But Ramaphosa later admitted it was a donation towards his own campaign last year to become leader of the ruling ANC party, a hard-fought battle in which he beat Zuma’s chosen candidate.
“The donation was made without his knowledge,” ANC official Zizi Kodwa told the SABC state broadcaster yesterday.
“He has decided voluntarily that he will pay back the said amount and he will call for further investigation on all donations that were made to the campaign.”
The main opposition Democratic Alliance party said Bosasa had won lucrative government contracts, adding “this looks suspiciously like all other ANC government corruption deals.”
A judicial inquiry is probing allegations that Zuma and some of his family members oversaw a web of corrupt government contracts.
The ANC and Democratic Alliance will face off in elections next May. — AFP
Thousands of Cadbury chocolates have been sold to the public despite being past their best.
The chocolate, some of it months beyond its best-before date, was sold at a major KwaZulu-Natal South Coast wholesaler, which supplies spaza shops and trading stores, including in rural Eastern Cape areas.
And tens of thousands of rands worth of short-dated chocolate was dispatched to wholesaler clients hidden among newer stock.
These claims were made in the labour court in Durban last week.
It was alleged that ambitious sales targets led to massive overstocking in wholesalers.
Most resulted in multimillion-rand returns across KwaZulu-Natal of popular Cadbury brands, including Dairy Milk slabs and Lunch Bars.
A food health expert emphasised there was no risk in eating chocolate past its best-by date.
But a legal expert questioned the ethics of selling such products without clearly informing consumers.
The matter came to light when a sacked sales representative, Hans van Tonder, took his former employer, Diplomat Distributors, to court, claiming he had been victimised and that his dismissal was “automatically unfair”.
Mondelez SA, owners of Cadbury, contracts Diplomat, a logistics company, to distribute its products to wholesalers.
Diplomat fired Van Tonder in April 2016 for gross dereliction of duty after a company hearing found an instance where he failed to timeously report that chocolate at a Port Shepstone client was nearing its best-by date.
But Van Tonder produced emails that show Diplomat had been told by the client that it had been receiving stock with “mixed expiry dates”, which he argued was outside his control.
“It is a major concern as the inner stock on the pallet is short-dated,” wrote a buyer for the wholesaler, who asked what would be done to eradicate the problem.
Van Tonder, who had represented Cadbury products for 16 years, produced a dossier in court, including national stock return figures, emails and other documents which allegedly pointed to widespread problems with overstocking and short-dated stock.
Van Tonder was fired over a R21 835 loss to Diplomat at the Port Shepstone wholesaler.
This was the value of chocolate that had to be removed from the wholesaler in early 2016 after it had past its best-by dates, as well as money spent discounting and promoting the chocolate in a late bid to sell it.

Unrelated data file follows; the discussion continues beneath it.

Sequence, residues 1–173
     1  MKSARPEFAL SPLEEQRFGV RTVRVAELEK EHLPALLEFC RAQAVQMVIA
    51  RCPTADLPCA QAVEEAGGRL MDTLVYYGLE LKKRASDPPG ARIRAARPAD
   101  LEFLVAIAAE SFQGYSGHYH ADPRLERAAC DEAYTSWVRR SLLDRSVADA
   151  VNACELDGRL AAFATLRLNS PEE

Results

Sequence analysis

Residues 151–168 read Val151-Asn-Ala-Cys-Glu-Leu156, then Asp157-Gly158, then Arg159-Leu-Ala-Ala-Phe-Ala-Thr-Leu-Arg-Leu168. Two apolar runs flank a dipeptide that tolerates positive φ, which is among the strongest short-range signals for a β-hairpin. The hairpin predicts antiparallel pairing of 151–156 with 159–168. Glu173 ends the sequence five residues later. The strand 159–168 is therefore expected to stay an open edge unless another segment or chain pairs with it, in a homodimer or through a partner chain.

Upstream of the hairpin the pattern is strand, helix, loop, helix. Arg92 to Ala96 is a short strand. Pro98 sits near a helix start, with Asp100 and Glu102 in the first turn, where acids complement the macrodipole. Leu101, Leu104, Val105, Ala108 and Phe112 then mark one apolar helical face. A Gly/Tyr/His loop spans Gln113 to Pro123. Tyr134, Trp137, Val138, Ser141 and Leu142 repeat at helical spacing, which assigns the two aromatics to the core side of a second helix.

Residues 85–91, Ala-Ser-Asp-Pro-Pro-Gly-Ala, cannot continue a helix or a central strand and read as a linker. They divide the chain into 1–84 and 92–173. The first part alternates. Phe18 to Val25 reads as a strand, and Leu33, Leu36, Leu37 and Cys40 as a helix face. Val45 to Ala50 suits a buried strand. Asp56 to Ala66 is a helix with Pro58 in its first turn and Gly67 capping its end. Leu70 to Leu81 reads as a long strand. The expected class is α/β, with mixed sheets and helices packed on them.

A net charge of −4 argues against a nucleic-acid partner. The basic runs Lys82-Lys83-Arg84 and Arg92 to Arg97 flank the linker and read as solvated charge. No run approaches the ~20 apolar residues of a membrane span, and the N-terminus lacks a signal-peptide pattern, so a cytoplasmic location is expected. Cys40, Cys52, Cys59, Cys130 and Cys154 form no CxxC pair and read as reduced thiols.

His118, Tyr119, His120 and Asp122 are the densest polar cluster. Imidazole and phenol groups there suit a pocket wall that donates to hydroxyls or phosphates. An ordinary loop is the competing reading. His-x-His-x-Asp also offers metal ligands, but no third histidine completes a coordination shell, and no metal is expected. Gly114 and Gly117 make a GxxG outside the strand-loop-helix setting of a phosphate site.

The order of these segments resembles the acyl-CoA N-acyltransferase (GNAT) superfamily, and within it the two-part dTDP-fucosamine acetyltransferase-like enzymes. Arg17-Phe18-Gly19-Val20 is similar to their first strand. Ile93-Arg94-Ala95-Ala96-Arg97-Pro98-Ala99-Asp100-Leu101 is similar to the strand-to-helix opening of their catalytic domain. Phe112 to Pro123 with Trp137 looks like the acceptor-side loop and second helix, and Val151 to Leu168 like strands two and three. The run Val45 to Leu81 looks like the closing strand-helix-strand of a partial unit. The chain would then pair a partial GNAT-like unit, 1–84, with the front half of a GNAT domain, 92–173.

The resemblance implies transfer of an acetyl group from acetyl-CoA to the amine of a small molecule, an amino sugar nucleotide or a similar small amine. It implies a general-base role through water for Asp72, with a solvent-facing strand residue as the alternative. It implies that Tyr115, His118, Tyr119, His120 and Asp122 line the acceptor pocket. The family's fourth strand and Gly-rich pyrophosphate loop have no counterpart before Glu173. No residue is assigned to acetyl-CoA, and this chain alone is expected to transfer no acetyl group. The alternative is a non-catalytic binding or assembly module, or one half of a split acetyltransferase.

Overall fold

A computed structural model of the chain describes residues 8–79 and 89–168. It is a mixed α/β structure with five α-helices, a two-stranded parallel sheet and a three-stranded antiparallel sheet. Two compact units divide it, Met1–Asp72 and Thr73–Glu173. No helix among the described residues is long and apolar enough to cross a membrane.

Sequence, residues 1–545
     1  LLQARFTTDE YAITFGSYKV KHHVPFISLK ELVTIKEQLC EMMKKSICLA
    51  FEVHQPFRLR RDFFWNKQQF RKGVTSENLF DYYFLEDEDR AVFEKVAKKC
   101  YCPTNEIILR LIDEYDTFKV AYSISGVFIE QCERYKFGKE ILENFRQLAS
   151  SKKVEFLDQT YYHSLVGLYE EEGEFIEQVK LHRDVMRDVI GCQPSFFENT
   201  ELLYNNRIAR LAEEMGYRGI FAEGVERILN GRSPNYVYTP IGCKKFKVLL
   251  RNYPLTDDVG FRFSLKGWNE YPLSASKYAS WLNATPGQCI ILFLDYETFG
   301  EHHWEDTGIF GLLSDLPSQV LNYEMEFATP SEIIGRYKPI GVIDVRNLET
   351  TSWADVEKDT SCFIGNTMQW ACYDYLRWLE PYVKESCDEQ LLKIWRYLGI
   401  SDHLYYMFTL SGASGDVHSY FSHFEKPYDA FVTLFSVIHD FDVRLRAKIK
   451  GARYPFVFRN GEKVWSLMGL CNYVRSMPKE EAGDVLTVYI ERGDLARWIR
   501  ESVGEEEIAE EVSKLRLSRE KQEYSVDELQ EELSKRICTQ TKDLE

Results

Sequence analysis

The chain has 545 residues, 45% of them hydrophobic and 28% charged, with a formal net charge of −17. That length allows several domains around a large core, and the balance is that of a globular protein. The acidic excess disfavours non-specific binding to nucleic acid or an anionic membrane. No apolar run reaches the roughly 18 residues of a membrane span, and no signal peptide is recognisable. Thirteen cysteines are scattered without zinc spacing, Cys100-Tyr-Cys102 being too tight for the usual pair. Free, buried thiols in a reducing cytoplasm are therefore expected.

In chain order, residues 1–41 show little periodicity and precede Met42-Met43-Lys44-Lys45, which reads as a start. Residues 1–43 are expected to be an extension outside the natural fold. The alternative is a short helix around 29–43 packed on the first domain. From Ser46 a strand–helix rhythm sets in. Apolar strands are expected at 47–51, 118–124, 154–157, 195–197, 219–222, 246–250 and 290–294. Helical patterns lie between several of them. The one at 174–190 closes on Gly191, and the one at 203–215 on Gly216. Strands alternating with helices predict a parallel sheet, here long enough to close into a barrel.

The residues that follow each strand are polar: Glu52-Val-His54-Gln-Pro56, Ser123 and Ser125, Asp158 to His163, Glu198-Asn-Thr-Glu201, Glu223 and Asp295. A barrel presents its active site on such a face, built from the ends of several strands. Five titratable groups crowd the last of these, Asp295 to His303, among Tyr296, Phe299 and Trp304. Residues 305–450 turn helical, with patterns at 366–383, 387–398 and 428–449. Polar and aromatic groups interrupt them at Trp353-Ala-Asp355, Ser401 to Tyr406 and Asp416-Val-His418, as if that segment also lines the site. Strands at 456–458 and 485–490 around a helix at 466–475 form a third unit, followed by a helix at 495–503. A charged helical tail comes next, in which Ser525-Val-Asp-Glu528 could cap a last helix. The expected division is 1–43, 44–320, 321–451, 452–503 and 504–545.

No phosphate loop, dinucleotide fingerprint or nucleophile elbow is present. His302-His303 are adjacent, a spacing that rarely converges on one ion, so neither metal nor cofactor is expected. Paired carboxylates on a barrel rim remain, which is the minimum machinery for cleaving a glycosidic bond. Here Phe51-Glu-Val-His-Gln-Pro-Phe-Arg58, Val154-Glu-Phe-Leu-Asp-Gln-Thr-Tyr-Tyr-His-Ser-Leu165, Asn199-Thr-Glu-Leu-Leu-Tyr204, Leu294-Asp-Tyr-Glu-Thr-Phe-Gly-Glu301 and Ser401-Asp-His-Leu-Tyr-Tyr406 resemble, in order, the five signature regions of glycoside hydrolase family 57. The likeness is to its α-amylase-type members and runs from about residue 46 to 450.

A witness for Van Tonder told the court the R21 835 was “like chalk and cheese” compared with returns of hundreds of thousands of rands of Cadbury chocolate from many other wholesalers across the country.
Shadrach Chinniah, who resigned as a Diplomat rep in October 2016, said: “I thought it was absolutely ludicrous he was dismissed for R21 000 and my store had [old stock worth] R310 000 … why didn’t they dismiss me?”
He told the court a Diplomat manager “cleared” the R310 000 in minibars from a major Durban wholesaler “after it expired”.
The court heard the minibars failed in the marketplace nationally and the line was discontinued.
Chinniah alleged there were:
. Cover-ups by management;
. A lack of support for markdowns to move short-dated stock; and that
. Short-dated stock was hidden among newer stock before delivery, making it hard for merchandisers and reps to keep tabs on best-by dates.
Placed before the court were photographs that were said to show pallet loads of chocolates, all of which were beyond their best-by dates, “being sold on special” at the same Port Shepstone wholesaler, months after Van Tonder’s dismissal.
The pictures, apparently taken in June, show marked-down PS chocolates that had expired on May 25 2016 and Lunch Bars that had expired on April 25 2016.
However, these claims were not examined.
Early on the second day of the hearing, Bongani Khanyile, attorney for Diplomat, applied for the matter to be sent to the Commission for Conciliation, Mediation and Arbitration (CCMA).
He argued Van Tonder was seeking relief for an “automatically unfair” dismissal but had not made a case for this.
Judge Benita Whitcher agreed it was an “ordinary unfair dismissal case” rather than one that involved arbitrary discrimination and ruled her court would not sit on the matter.
An emotional Van Tonder stormed out of the courtroom.
“Three years of this,” he shouted. “They have been lying. I am going to go outside and break down.”
Whitcher later gave a written order directing the CCMA to expedite the matter.
No order was made for costs.
Yinon Ben Anat, chief executive of Diplomat SA said: “Diplomat’s policy is clear in that we do not purchase or sell expired stock [beyond its best-by date].”
He did not comment on claims of overstocking and declined to give details on Diplomat’s contractual relationship with Mondalez.
City Press sent Mondalez a list of questions on overstocking and its policy on the sale of best-by goods. The company declined to comment, saying the matter was before the courts.
“Mondelez SA abides by local legislation and we are focused on bringing the highest-quality products to our consumers,” it said.